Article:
New UCLA LPPI Study Highlights Urgent Need for Improved Representation of Latina Physicians in the Medical Field
August 3, 2023UCLA Latino Policy and Politics Institute
LOS ANGELES – A new report from the UCLA Latino Policy and Politics Institute (UCLA LPPI) reveals a severe underrepresentation of Latina physicians in the U.S. and California, emphasizing the need for immediate action to address this critical issue.
The report, authored by Yohualli B. Anaya; Paul T. Hsu, assistant professor of epidemiology at UCLA Fielding; Seira Santizo Greenwood; and David E. Hayes-Bautista, professor of health policy and management at UCLA Fielding, provides a comprehensive analysis of the current state of Latina physician representation and its implications for health equity, and also sheds light on a significant disparity between the Latino population and the number of Latino physicians:
Despite Latinos comprising almost 18% of the U.S. population, only 6.3% of physicians in the country are Latino, and Latinas make up a mere 2.4% of the physician population.
Alarmingly, in California, where Latinos make up 39% of the population, only 6.4% of physicians are Latino, and Latinas represent just 2.7% of the physician population.
The UCLA LPPI report also highlights the language accessibility challenges faced by Latino patients and the crucial role of Spanish-capable Latina physicians in addressing these disparities. Latina physicians in the U.S. are 35.6 times more likely to speak Spanish than their non-Hispanic white counterparts.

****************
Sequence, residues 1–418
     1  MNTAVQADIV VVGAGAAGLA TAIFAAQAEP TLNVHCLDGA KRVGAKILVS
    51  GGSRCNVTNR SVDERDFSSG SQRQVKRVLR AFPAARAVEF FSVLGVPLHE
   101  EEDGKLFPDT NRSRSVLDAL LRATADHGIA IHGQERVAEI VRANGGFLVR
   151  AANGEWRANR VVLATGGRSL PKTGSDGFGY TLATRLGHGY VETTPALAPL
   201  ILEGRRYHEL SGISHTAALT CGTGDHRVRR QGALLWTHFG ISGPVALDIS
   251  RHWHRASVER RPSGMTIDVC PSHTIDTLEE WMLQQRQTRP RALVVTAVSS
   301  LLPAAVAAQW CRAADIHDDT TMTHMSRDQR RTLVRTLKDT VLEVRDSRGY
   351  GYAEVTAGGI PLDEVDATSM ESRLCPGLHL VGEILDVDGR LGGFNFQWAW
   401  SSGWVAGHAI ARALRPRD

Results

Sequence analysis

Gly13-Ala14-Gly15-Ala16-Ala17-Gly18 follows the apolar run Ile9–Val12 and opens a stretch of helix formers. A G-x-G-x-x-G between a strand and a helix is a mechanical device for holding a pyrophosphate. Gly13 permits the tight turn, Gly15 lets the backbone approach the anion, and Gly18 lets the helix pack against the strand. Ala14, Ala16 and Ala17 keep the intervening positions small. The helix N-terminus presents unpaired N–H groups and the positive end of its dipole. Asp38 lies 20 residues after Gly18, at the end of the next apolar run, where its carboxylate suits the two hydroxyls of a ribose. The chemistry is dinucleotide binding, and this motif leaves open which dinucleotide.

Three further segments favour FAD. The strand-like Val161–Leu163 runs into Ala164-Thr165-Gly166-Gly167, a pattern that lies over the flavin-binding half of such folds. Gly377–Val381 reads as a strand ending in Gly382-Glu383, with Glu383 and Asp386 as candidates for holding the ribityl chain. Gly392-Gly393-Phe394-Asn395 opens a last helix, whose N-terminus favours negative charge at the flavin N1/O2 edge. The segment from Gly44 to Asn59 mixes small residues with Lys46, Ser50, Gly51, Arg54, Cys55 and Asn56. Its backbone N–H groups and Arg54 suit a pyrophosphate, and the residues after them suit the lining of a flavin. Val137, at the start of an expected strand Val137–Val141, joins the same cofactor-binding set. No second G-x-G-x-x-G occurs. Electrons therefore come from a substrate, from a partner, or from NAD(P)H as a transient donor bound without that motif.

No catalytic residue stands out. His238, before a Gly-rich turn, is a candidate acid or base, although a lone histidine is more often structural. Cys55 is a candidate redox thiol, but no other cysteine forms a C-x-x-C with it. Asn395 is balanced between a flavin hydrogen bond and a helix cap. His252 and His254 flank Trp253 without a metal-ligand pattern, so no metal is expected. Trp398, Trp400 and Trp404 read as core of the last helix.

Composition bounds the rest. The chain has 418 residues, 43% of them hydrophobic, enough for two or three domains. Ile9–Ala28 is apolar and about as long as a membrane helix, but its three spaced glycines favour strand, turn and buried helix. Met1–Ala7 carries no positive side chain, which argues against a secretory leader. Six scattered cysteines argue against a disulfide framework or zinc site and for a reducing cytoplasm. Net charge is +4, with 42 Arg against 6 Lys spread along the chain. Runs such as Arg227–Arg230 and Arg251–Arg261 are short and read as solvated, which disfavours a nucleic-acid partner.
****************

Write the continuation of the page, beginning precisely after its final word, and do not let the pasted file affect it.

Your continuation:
“These findings highlight the pressing need to prioritize investments in health equity and proactively address the shortage of Latina physicians and the importance of doing so at all levels of the educational pathway,” said Dr. Yohualli B. Anaya, associate professor at the University of Wisconsin School of Medicine and Public Health and lead author of the report. “It is evident that previous efforts to diversify the physician workforce have fallen short, particularly in addressing the scarcity of Latino physicians and trainees. Moreover, the report underscores the distinct value Latina physicians bring to medicine.”
To promote the representation of Latinas in the medical field, Dr. Anaya and her co-authors offer several recommendations for policymakers, academic institutions, and research professions. The recommendations include:
Incorporating evidence-informed educational strategies from an early stage, including active learning exercises and peer-led team learning, to improve outcomes for all students and engage underrepresented students in STEMM fields.
Enhancing pre-med advising support for students, including state and institutional investment and developing best practices to promote underrepresented in medicine (URiM) student success.
Investing in community college student support, including scholarships and clinical exposure opportunities, to address socioeconomic disadvantage and increase representation.
Adopting inclusive admissions practices that consider socioeconomic disadvantage alongside academic metrics, protecting the ability of DACA and undocumented students to pursue medical education, and leveraging Centers of Excellence (COEs) to demonstrate sustained growth in URiM students and faculty.
“This report underscores the critical importance of adopting innovative approaches and implementing best practices to achieve substantial and lasting progress in the representation of Latinas in the medical field,” said David E. Hayes-Bautista, professor of medicine and director of the Center for the Study of Latino Health and Culture at the School of Medicine, UCLA, and co-author of the report. “We urge policymakers, academic institutions, and the healthcare industry to prioritize diversity, equity, and inclusion as fundamental pillars of the medical profession.”
The UCLA Latino Policy and Politics Institute is a non-partisan research institute that seeks to inform, engage, and empower Latinos through innovative research and policy analysis. LPPI aims to promote equitable and inclusive policies that address the needs of the Latino community and advance social justice.